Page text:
5V / ?? CFM: Just for fun, the fan voltage was dropped to 5V, enough that the noise level was below ambient and effectively silent. In fact, even our lab microphone, placed at a distance of 3 inches, was unable to pick up a signal. According to our measurements, running the fan at 5V had no effect: It produced no noise, pushed no air, and provided no cooling. Not surprisingly, the temperature rose quickly and the CPU soon started throttling.

Asetek Vapochill Micro with Nexus Reference Fan
Fan Voltage
Airflow
Load Temp
°C Rise
°C/W MP
°C/W TDP
Noise
12V
18 CFM
46°C
25
0.32
0.36
22 dBA@1m
9V
13 CFM
50°C
29
0.37
0.42
18 dBA@1m
7V
10 CFM
59°C
38
0.48
0.55
17 dBA@1m
5V
5 CFM
N/A
N/A
N/A
N/A
<16 dBA@1m

Airflow: Measured in Cubic Feet per Minute mounted on the HS
Load Temp:
CPUBurn for ~20 mins.
°C Rise: Temperature rise above ambient at load.
°C/W MP / TDP: Temperature rise per Watt, based on CPU's Maximum Power (79W) or Thermal Design Power (69W) rating (lower is better)
Noise: SPL measured in dBA/1m distance with high accuracy B & K SLM

The Nexus fan proved to be a better match for the Vapochill Micro than any of the stock fans thanks to its superior airflow to noise ratio. It sounded smoother, and exhibited no low buzz. The duct did affect the noise of the Nexus by increasing the motor hum a bit.

Cooling performance was acceptable when the fan voltage was between 9V and 12V, which is quiet enough for most systems. Below 9V, cooling performance was marginal, probably unacceptable for most users.

The Vapochill Micro performed poorly with low airflow. The combination of closely spaced fins and a duct that is partially open at the bottom means that a lot of pressure is needed to force enough air through the heatsink. In a low airflow situation there is very little pressure, so the air just takes the route with the least impedance: Out the bottom of the duct without ever passing through the fins of the heatsink.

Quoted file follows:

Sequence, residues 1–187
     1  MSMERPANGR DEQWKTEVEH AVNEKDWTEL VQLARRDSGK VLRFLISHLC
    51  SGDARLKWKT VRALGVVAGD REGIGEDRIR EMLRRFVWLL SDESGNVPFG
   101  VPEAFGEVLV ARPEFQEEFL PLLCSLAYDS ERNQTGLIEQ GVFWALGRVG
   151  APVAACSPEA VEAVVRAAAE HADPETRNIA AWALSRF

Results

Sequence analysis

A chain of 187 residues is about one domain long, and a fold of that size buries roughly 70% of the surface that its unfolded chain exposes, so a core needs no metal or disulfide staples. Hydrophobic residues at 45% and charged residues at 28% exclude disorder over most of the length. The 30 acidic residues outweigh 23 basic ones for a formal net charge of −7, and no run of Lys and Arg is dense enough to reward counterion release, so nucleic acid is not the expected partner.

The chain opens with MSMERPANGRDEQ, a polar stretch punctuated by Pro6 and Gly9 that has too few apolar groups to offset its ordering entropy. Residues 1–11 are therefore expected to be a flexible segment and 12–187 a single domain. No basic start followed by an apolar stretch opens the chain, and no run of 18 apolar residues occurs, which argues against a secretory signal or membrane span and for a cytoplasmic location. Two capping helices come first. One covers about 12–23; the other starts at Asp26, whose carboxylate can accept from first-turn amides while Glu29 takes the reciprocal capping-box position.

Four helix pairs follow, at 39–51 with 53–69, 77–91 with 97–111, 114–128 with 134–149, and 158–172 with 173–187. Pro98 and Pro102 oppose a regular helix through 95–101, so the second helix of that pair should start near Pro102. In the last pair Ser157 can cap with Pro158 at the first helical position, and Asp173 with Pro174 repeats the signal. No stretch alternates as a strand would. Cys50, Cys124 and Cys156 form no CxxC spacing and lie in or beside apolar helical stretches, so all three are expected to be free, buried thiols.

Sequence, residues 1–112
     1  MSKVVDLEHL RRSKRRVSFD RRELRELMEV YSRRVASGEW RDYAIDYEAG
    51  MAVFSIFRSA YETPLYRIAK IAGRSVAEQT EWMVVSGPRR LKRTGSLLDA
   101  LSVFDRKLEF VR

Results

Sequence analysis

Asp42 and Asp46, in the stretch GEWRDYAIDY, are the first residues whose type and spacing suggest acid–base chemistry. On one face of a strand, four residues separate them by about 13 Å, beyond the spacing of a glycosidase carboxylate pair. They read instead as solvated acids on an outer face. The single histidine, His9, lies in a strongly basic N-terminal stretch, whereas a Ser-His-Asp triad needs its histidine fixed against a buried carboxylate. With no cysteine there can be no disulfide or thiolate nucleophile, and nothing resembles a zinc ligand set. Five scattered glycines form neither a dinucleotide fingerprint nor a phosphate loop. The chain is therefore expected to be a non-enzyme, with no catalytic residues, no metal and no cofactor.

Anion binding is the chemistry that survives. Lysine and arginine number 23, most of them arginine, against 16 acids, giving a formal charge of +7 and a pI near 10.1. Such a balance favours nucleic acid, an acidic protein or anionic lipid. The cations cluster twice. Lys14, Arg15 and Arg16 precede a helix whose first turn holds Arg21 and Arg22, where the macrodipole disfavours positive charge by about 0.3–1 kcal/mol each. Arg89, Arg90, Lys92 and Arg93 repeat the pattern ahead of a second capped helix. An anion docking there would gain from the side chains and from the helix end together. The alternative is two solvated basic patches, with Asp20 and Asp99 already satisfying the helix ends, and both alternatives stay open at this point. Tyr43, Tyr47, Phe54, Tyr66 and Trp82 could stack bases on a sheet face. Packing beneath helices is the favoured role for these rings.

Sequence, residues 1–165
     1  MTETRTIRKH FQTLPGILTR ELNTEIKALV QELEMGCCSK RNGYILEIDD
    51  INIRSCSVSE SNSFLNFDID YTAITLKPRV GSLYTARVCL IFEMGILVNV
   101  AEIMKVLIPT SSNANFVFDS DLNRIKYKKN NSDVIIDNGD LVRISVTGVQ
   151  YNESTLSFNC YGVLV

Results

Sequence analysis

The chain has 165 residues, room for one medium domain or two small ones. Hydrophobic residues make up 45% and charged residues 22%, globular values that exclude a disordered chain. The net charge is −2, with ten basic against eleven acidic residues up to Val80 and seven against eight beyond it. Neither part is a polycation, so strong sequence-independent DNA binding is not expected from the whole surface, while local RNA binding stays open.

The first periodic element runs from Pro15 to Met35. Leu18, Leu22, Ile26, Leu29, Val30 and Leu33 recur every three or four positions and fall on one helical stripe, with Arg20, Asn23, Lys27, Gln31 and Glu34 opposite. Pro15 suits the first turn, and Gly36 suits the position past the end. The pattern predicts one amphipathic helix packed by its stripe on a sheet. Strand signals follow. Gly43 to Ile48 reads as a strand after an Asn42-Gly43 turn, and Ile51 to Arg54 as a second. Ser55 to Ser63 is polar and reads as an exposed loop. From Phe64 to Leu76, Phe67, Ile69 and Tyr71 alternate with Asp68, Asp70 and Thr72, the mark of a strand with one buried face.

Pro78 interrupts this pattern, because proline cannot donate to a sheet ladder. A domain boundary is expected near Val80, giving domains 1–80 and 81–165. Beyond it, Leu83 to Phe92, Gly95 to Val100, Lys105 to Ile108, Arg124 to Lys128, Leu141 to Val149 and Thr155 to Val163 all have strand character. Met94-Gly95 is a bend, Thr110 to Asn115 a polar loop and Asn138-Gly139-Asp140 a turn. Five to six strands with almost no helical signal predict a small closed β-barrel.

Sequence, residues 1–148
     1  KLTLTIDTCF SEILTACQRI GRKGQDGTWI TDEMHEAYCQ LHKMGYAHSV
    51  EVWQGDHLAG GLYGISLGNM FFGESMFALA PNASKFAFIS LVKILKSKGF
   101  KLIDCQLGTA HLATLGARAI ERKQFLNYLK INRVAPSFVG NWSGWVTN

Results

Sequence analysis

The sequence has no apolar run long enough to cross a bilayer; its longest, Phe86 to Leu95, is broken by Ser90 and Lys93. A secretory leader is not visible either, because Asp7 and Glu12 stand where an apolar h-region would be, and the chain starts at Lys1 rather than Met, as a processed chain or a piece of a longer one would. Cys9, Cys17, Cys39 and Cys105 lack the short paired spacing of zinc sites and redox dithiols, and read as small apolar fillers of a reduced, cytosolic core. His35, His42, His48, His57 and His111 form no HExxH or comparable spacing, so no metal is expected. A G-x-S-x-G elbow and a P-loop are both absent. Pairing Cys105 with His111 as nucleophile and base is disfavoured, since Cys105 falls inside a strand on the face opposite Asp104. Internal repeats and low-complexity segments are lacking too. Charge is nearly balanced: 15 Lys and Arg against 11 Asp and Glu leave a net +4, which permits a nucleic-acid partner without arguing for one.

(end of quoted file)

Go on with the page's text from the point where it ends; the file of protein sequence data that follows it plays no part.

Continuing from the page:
LOOK MA, NO DUCT!

There are two counts against the plastic duct:

  1. It is highly resonant and worsens the quality of noise produced by the fan.
  2. It allows air from the fan to escape before it ever passes through the fins of the heatsink. The effect is particularly bad when there is not much airflow

In view of this, a quick test was run without the duct in place. The reference Nexus fan was hung against the side of the the heatsink with crossed fingers. This arrangement worked well enough for testing.


Testing the Vapochill Micro without the duct installed.

Asetek Vapochill Micro without Duct
Nexus Reference Fan
Fan Voltage
Load Temp
°C Rise
°C/W MP
°C/W TDP
Noise
With Duct
7V
59°C
38
0.48
0.55
17 dBA@1m
Without Duct
7V
56°C
35
0.44
0.51
17 dBA@1m

Load Temp: CPUBurn for ~20 mins.
°C Rise: Temperature rise above ambient at load.
°C/W MP / TDP: Temperature rise per Watt, based on CPU's Maximum Power (79W) or Thermal Design Power (69W) rating (lower is better)
Noise: SPL measured in dBA/1m distance with high accuracy B & K SLM

The test confirmed that the duct was hurting the cooling performance, but the difference in load temperature was a paltry 3°C. The measured noise level with the Nexus fan didn't change, but it was already low enough. Subjectively, there seemed to be a little less resonance, but, like the difference in temperature, it wasn't a big change.

At higher fan speeds, the acoustic benefit probably makes removing it worthwhile, but there doesn't seem to be a huge thermal difference. The poor cooling performance with low airflow seems to be caused by more than just the duct, so the only reason to remove the duct is for acoustic reasons.